EDITOR’S NOTE: This is the final post in a four-part series of posts this week by statistician Mike Logsdon. Mike bikes across the Fremont Bridge every day, and put together this analysis of the bike counter data “mostly for the amusement of friends and coworkers.”
Are More Seattleites Bicycling Across the Fremont Bridge? The short answer: Probably.
It’s tough to make any emphatic declarations from 18 months worth of recorded trips, as we have to investigate trends net of seasonal and weather effects. Once again we consider residual ridership — the difference between observed crossings and the number expected given season and weather. Time trends in Fremont Bridge bicycle crossings should manifest themselves as time trends in the residual trips. If daily crossings are growing, then the expected counts will exceed the observed counts at the beginning of the monitoring and reverse at the end of monitoring. If there is no time trend in bicycle crossings, then the residual trips should simply scatter around zero with no pattern.
Figure 6 shows the residual trips, plotted against date. A slight time trend revealed itself, to the tune of a 140 rider per day per year increase. This estimate, however, is extremely imprecise. Any time trend in ridership is simply small compared to the day-to-day variability in bicycle trips, given the duration of the observations.
Winter workdays saw on average 2,000 daily crossings. Summer workdays saw on average 4,000 daily crossings. Peak commute times were 8 a.m. to 9 a.m., and 5 p.m. to 6 p.m., with hourly total crossings peaking between 600 and 800 on the nicest days. Seattleites talk a mean game, but left their bicycles parked on the rainiest days. Cascade Bicycle Club Bike Month energized commuters early, but many participants lost interest by the end of the month. Bicycle crossings have probably been increasing by somewhere in the zip code of 100-200 additional riders per day per year, but it’s hard to know for sure due to the large variability in daily commute crossings relative to the duration of the observations.
Really cool fun analysis! thanks for donating your time and expertise Mike!
Thanks for the great analysis.
Wondering if you can account for the slight increase in bike trips with the reported increase in Seattle population – that is, the % of bike commuters is actually pretty static?
That’s definitely a possibility. Unfortunately, just looking at counts of crossings doesn’t provide the information to break apart time trends into behavioral changes of the people already here and the addition of new people.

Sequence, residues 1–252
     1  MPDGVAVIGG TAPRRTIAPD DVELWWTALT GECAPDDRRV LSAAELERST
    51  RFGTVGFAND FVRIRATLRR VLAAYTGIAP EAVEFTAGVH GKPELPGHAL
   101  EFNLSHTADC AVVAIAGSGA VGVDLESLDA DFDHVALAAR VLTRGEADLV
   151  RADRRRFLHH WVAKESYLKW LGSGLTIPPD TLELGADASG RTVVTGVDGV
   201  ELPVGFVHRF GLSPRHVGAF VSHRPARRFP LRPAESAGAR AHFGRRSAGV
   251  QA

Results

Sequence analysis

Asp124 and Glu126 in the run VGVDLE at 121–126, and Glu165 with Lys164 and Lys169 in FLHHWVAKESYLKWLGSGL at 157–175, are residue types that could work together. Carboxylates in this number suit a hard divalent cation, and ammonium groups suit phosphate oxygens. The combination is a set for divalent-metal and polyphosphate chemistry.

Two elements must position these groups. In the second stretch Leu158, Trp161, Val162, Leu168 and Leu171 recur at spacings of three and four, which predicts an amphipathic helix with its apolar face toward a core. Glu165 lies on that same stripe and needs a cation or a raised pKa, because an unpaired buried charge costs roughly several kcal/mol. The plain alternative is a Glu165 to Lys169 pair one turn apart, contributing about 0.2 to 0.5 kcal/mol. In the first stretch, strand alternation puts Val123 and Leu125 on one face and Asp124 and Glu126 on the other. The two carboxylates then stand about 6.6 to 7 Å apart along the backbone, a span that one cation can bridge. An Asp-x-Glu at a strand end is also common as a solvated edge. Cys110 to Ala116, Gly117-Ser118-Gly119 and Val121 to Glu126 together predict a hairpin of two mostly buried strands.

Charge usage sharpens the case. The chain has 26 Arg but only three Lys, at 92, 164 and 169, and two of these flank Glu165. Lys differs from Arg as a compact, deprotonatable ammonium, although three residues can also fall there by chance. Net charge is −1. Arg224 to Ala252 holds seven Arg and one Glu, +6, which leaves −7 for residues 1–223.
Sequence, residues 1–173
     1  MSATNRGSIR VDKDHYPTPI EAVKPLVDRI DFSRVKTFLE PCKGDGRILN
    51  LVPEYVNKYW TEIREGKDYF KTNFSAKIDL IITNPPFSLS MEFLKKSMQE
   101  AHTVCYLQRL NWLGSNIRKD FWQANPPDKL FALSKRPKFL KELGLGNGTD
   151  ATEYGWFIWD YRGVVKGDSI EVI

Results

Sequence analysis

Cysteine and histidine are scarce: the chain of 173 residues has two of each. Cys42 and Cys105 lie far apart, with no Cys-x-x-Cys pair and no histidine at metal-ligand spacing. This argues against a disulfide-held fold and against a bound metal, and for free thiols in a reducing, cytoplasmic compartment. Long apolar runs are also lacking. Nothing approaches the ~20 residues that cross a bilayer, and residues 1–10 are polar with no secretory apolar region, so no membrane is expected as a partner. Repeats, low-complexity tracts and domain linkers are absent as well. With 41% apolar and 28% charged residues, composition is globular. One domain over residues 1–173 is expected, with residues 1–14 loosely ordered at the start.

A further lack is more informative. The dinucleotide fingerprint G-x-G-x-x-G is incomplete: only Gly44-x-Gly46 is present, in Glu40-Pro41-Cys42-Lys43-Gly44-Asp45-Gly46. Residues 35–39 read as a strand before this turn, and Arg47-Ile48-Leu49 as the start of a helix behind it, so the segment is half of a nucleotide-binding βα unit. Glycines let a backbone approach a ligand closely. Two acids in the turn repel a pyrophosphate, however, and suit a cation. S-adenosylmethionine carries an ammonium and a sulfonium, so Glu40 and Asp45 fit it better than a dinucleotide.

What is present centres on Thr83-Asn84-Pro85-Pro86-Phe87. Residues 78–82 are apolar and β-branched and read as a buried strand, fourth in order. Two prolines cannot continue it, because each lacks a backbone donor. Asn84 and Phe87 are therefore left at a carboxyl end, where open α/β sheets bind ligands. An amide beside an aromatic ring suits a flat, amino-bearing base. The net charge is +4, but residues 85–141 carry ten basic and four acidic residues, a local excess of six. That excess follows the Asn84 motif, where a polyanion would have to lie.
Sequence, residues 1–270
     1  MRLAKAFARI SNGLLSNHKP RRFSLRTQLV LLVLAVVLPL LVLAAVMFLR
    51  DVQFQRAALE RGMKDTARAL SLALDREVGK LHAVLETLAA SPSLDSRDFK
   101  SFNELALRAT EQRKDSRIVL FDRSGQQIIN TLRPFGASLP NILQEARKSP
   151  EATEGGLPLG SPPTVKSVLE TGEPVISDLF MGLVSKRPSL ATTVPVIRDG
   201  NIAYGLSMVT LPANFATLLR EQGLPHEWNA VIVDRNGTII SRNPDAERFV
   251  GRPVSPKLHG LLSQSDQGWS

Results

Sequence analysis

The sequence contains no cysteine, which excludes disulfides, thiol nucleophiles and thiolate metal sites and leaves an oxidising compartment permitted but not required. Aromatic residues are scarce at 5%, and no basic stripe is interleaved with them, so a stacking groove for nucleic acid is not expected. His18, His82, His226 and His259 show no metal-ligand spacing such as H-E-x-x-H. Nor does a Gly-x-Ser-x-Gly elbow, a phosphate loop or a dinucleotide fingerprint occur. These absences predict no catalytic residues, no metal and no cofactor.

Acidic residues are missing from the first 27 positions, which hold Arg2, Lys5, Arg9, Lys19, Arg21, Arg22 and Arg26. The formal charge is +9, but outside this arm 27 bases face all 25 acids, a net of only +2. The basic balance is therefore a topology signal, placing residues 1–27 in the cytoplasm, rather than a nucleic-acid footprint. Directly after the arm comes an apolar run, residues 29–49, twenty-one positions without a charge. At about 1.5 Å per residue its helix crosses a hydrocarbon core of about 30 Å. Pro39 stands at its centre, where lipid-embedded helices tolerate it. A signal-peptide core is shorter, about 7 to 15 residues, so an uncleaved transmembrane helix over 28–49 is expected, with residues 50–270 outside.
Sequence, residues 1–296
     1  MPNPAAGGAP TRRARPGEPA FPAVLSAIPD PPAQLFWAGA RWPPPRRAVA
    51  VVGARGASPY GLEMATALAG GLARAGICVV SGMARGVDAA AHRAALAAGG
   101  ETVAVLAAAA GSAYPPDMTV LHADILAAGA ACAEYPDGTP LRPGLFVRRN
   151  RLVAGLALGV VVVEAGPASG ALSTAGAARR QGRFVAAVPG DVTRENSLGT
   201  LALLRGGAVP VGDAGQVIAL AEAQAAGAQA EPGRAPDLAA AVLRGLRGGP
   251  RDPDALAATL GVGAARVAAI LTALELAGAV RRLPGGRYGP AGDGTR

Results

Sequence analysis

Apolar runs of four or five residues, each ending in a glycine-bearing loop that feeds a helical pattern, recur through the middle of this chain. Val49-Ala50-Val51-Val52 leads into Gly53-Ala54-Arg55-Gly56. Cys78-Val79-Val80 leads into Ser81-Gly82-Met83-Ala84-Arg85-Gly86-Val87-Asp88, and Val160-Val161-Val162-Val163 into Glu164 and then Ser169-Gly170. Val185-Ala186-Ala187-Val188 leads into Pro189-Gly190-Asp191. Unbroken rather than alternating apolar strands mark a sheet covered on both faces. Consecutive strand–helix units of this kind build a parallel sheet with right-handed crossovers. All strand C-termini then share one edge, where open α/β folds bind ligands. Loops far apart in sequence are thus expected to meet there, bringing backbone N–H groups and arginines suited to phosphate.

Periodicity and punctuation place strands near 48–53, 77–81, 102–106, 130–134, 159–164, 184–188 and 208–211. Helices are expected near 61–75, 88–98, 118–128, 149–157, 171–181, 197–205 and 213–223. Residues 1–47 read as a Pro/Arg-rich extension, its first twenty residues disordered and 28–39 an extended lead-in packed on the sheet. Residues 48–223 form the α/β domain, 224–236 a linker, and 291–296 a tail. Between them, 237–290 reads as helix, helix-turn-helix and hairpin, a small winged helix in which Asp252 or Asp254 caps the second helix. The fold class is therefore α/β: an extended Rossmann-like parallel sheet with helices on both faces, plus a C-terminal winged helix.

With 200 more riders per day, if they are like me, starting out not riding everyday, we could have 400 more people riding.
“Are More Seattlers bicycling across Fremont Bridge? Short answer, probably.”
Oh, so, impressed, oh yes, oh, yes, YES.
Wait, I forget, where in Seattle is bicycling NOT SUCKY?
Yee gods. Downtown/inner Seattle is a mess of dangerous stinky traffic.
Trolleybus is ideal but neglected repeatedly over the years.
“Let’s not fix those dang electric buses. Best riders always paying,”
said the boys from Boeing, Olympia, Hanford. “Aluminum will do the job.”
Gallopping Gerty, meet Bertha Wormbedding.
Bertha is looking for employment elsewhere.
Metro is no better than Wsdot or Crunican’s Sdot.
Sound Transit grandiose parking garage transit centers,
whoop-dee-frickin-doo. Just lovely. Diesel buses idling.
Yeah, Transit Centers, a realishly smart place to put concrete somewheres.
With, like, buses.
“Seattleites talk a mean game, but left their bicycles parked on the rainiest days.”
That’s a little harsh, and not strictly correct. The way that is worded sounds like no one in Seattle cycles on the rainiest of days. As someone who doesn’t own a car (and detests taking the bus) I can assure you I cycle commute to work every day and see others out there doing the same. In fact, unless I’m mistaken, your data backs this up. Are there a lot of fair whether cyclists out there? Sure. Do all cyclists stop riding because it is raining? Hell no!
Also, I realize you were doing this on your own time, but I think you dropped a very important variable by not using the UW weather data. I’ll ride in any amount of rain, but the only thing that will put me on the bus other than an injury is high winds. I strongly suspect I am not alone in this. Any day with winds of 35 mph+ probably sees a very significant drop in cyclists.
It’s true that could have been phrased better. The line was meant to refer to the large decrease in bicycle traffic on wet days, but yes there are always some bicycle commuters no matter the rain (myself included).
I would also be pretty curious about the effect of wind. I don’t think it would change any of the conclusions of this series, although it would probably increase the precision of the time trend estimate (by lowering the variation in the residual trips), and in itself offer an interpretable regression coefficient, much like with rain.
“I would also be pretty curious about the effect of wind”
Well, as a commuter between West Seattle and Bellevue, taking a single sample of Thursday this week ( 2 days ago), riding home over the bridges the number of riders dropped significantly compared to the average day. However of course the weather forecast also call for PM rain, so as usual my sample might be not isolated to wind. It never rained, but the wind caused me to slow down significantly on the ride of the I90 bridges.
Wind, unless it’s a hurricane level is not a factor for me. I kinda enjoy the wild ride over the bridge when it really blows.
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Great analysis. I wish there were more bike counter data sets available so that this analysis could be done across multiple cities.